Zoning Practice helps guide you as you write and administer smart development codes.
It's a fact. The zoning problem you're struggling with today has probably already been solved by somebody else. But how can you find out what's working without spending a lot of your valuable time?
Zoning Practice isn't just an interesting read. It's a toolbox chock full of information geared to inform and inspire, and to implement by planners for the purpose of smarter land-use practice.
Context-Sensitive Zoning for Transit-Oriented Development
While some commentators treat transit-oriented development (TOD) as a single distinct development model, it's probably more helpful to think of TOD as a spectrum of development patterns and densities. Many older cities and suburbs have well-established TOD areas that, in some cases, predate both widespread automobile usage and zoning. Meanwhile, there are numerous other communities looking to support planned or emerging TOD districts in areas where existing development does not take full advantage of existing or anticipated transit service.
This article highlights key considerations for communities hoping to encourage TOD through special zoning districts or overlays and provides examples of context-sensitive TOD zoning standards from communities across the country.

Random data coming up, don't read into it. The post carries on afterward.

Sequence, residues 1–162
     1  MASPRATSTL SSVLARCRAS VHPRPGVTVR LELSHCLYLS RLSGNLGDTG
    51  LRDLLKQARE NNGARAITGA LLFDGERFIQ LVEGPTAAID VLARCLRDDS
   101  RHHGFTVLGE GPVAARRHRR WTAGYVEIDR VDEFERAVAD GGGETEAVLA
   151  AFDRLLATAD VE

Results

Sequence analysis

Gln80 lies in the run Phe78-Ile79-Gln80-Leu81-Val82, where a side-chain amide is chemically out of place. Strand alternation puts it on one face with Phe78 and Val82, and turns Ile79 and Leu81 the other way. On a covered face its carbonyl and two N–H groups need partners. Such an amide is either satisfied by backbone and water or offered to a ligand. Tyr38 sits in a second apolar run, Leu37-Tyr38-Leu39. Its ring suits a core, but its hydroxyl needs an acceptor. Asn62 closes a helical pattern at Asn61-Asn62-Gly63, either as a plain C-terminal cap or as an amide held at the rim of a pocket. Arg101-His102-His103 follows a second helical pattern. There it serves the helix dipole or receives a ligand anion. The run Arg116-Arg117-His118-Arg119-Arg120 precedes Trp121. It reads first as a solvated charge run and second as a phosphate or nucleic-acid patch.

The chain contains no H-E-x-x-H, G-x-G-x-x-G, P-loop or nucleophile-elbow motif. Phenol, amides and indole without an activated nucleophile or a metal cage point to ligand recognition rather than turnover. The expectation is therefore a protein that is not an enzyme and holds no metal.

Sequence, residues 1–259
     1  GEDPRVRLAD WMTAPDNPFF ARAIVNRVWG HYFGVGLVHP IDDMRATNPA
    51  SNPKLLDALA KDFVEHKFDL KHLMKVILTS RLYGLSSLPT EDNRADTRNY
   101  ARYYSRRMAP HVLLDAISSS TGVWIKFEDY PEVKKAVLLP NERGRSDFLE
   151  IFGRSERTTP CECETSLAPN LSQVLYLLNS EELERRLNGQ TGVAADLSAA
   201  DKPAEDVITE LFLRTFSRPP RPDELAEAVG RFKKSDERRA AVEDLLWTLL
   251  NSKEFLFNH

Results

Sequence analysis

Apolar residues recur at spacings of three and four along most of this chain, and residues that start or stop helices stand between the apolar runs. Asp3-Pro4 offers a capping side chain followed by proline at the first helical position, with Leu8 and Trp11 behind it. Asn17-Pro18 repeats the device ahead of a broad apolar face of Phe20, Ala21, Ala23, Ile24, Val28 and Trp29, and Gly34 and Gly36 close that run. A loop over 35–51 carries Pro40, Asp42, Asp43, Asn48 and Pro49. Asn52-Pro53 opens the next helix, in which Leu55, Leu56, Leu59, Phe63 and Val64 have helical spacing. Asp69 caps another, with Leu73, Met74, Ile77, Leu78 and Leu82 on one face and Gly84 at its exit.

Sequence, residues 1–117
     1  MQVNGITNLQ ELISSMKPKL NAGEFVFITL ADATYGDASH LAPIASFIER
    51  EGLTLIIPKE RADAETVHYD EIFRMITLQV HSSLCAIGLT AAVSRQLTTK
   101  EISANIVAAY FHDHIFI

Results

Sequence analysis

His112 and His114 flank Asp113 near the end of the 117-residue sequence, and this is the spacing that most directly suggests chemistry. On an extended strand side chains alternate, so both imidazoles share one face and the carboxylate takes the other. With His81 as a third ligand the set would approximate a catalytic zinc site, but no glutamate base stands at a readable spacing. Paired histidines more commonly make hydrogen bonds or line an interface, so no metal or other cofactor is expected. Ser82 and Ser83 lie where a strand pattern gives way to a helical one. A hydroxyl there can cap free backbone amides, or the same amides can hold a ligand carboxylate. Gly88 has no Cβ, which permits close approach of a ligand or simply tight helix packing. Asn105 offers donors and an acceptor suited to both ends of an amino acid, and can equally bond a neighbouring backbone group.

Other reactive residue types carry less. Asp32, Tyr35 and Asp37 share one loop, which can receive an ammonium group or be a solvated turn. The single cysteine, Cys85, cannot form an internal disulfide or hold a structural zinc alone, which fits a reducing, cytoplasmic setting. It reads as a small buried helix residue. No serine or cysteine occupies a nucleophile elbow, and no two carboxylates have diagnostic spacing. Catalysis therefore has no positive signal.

Author David Morley, AICP, is a senior research associate with the American Planning Association, as well as APA's Planning Advisory Service (PAS) coordinator and coeditor of Zoning Practice.
Zoning Codes in Plain English
Many zoning codes are written in a traditional legal style often referred to as legalese. The good news is that legalese is not a requirement. Planners and zoning professionals can draft regulations in plain English, a style of writing that uses the most economical, familiar, and precise language to communicate our ideas. This article discusses a series of key plain English principles for planners and zoning professionals to apply in code writing.
Author Benjamin K. Noble is a city planning consultant based in the San Francisco Bay Area. He specializes in preparing zoning codes and development regulations based on plain English principles.
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Share Your Expertise!
The editors of Zoning Practice welcome proposals from outside contributors, including those who may be writing for the publication for the first time. Contributors need not be professional planners, but they should have superior knowledge of a subject of substantial potential interest to Zoning Practice subscribers. We are especially eager to hear from potential authors with expertise on the following topics:
• Using development regulations to manage noise in mixed-use districts
• Visitability and housing for the aging
• Regulating short-term rentals
• Using zoning to promote walkable, mixed-use districts
• Zoning for healthy communities
• Hydraulic fracturing (aka "fracking") and land-use regulation
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Zoning Practice makes it possible for subscribers to ask questions of current authors about their articles. Authors write answers that will be posted on this website.